[Arbitration Act] Court Should Not Issue Broad Injunctions Under Section 9 If Dispute Involves Monetary Claim: Rajasthan High Court

Rajesh Kumar

11 Jun 2024 8:30 AM GMT

  • [Arbitration Act] Court Should Not Issue Broad Injunctions Under Section 9 If Dispute Involves Monetary Claim: Rajasthan High Court

    The Rajasthan High Court bench of Justice Dinesh Mehta and Justice Rajendra Prakash Soni has held that while passing interim order or taking interim measure under Section 9 of the Arbitration and Conciliation Act, 1996, the court is required to have a prima-facie grasp of the dispute and claim of the parties. The bench held that the court should look at the nature of the controversy...

    The Rajasthan High Court bench of Justice Dinesh Mehta and Justice Rajendra Prakash Soni has held that while passing interim order or taking interim measure under Section 9 of the Arbitration and Conciliation Act, 1996, the court is required to have a prima-facie grasp of the dispute and claim of the parties.

    The bench held that the court should look at the nature of the controversy and consider the relief claimed or the amount claimed. It held that if the dispute involves a monetary claim or can be quantified in financial terms, rather than issuing broad injunctions to maintain the status quo regarding the property, the court should instead safeguard the anticipated amount to be awarded to the claimant.

    Brief Facts:

    The matter pertained to a dispute arising from an agreement signed between the Riddhi Siddhi Infraproject Private Limited (“Appellant”) and Anil Industries (“Respondent') to be resolved through arbitration as per clause 31 of the agreement. The Appellant appointed Satyanarayan Derashri as an arbitrator and initiated proceedings. However, due to the Respondent's lack of interest, proceedings and arbitration decisions pursuant to clause 31 were anticipated to take time. Therefore, the Appellant filed an application under Section 9 of the Arbitration and Conciliation Act, 1996 (“Arbitration Act”) for measures restraining the Respondent from alienating the property or constructing on disputed land. The Commercial Court passed an order and directed the parties to maintain status quo in relation to the land.

    Subsequently, the Appellant filed an application under Section 11 of the Arbitration Act in the Rajasthan High Court (“High Court”) for the appointment of Mr. Derashri as the Arbitrator. During the pendency of the application, the Respondent contended that the interim order had a 90-day lifespan as per Section 9(2). In response, the Appellant filed an application and sought further orders under Section 9 or an extension of the interim order.

    The Commercial Court rejected the Appellant's application and held that the Appellant failed to initiate arbitral proceedings within the statutory 90-day timeline, as the application under Section 11 was filed belatedly. Feeling aggrieved, the Appellant approached the Rajasthan High Court (“High Court”).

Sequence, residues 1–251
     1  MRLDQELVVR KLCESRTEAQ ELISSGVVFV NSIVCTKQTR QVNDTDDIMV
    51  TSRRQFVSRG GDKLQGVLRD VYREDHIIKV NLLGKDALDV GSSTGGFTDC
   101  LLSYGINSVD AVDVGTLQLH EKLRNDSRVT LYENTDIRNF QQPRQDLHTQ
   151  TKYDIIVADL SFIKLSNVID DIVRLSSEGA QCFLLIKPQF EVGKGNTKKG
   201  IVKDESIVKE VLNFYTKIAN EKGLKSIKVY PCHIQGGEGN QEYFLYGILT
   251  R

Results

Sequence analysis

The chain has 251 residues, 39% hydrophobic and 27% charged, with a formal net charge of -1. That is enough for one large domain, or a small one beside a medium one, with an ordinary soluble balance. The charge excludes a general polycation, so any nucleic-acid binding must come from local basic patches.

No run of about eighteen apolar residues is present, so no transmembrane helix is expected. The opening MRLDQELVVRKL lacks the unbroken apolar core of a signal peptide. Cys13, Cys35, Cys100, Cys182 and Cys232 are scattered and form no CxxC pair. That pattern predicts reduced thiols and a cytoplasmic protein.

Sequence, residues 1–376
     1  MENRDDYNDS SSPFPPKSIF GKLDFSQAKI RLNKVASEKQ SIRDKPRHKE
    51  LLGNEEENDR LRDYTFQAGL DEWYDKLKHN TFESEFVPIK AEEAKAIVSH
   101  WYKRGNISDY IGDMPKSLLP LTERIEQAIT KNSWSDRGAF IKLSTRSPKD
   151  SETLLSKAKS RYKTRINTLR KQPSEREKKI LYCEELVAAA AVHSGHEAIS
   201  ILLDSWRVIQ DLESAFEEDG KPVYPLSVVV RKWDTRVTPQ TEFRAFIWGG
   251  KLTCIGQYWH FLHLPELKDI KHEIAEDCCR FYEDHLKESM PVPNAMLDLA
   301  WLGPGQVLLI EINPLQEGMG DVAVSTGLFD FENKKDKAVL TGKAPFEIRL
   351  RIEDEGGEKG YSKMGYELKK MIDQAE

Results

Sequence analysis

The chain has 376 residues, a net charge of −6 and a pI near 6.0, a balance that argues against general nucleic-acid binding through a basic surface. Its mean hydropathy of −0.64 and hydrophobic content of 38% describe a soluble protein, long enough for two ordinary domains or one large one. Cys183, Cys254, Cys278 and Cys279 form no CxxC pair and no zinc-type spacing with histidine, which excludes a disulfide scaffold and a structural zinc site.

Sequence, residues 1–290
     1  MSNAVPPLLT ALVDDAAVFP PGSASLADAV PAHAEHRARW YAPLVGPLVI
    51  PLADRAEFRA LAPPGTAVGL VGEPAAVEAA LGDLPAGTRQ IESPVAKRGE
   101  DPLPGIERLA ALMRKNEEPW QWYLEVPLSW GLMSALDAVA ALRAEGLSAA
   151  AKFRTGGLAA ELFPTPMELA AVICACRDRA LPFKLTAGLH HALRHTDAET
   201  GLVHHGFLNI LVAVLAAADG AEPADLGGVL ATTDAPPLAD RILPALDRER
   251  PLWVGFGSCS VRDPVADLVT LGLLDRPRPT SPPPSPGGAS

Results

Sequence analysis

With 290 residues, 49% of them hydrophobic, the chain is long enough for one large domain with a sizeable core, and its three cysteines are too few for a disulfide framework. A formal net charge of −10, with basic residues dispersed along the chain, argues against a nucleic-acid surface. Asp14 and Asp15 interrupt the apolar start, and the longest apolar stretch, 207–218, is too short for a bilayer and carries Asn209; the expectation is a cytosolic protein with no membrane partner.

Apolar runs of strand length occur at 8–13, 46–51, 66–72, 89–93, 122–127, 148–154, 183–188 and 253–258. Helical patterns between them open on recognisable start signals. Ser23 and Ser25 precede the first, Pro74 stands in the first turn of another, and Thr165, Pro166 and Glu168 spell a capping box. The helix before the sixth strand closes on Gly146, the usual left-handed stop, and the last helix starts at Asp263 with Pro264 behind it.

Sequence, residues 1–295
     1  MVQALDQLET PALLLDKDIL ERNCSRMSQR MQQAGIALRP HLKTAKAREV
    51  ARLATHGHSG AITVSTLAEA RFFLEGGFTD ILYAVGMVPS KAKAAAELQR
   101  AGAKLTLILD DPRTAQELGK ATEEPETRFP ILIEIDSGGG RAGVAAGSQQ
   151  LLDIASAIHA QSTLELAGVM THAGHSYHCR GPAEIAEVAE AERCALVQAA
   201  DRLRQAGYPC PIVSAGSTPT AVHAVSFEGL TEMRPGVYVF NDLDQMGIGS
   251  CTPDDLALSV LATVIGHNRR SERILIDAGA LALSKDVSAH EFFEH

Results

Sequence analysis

Observations by the High Court:

    The High Court noted that Section 9(2) requires arbitral proceedings to commence within 90 days of the order. However, the High Court referred to Section 21 of the Arbitration Act. Section 21 dictates that the notice of appointment of an Arbitrator triggers the commencement of arbitral proceedings. The High Court held that filing an application under Section 11 for the appointment of an Arbitrator merely serves as a step toward securing such appointment and cannot be equated with the commencement of arbitral proceedings.

    The High Court noted that the Appellant initiated arbitral proceedings by issuing the notice of appointment of an Arbitrator on 12.07.2023 which was well within the stipulated timeframe. Therefore, the Commercial Court's reliance on the failure to file the Section 11 application within 90 days was held flawed and contrary to the law.

    In addressing the blanket injunction ordered by the Commercial Court, the High Court held that the court must consider the nature and quantum of the dispute before issuing such sweeping orders. It held that where the claim amounts to a substantial monetary sum it is inappropriate to maintain a status quo on the entire disputed land, which could potentially prejudice various stakeholders.

    The bench held that:

    “…..the Court has ordered to maintain the status quo regarding the entire land covered by the agreement. We are of the considered view that such an order has not only affected the rights of the respondent but has adversely impacted the rights of various investors and purchasers. Passing of the orders like the one that has been passed in the case in hands may lead to innumerable complications.”

    To remedy this imbalance, the High Court imposed a requirement on the Respondent to furnish a solvent surety of Rs. 10 Crores to the satisfaction of the Commercial Court within 15 days. This surety, which shall remain in force until either party files an application under Section 17 before the Arbitrator, is intended to balance the equities between the parties and prevent undue prejudice.

    Case Title: Riddhi Siddhi Infraproject Pvt. Ltd. Vs M/s Anil Industries and ors

    Case Number: D.B. Civil Misc. Appeal No. 873/2024

    Advocate for the Appellant: Mr. Pushkar Taimini and Mr. Sanjay Nahar

    Advocate for the Respondent: Mr. Sandeep Saruparia and Mr. Nikhil Ajmera

    Date of Judgment: 29/05/2024

    ClickHere To Read/Download Order or Judgment


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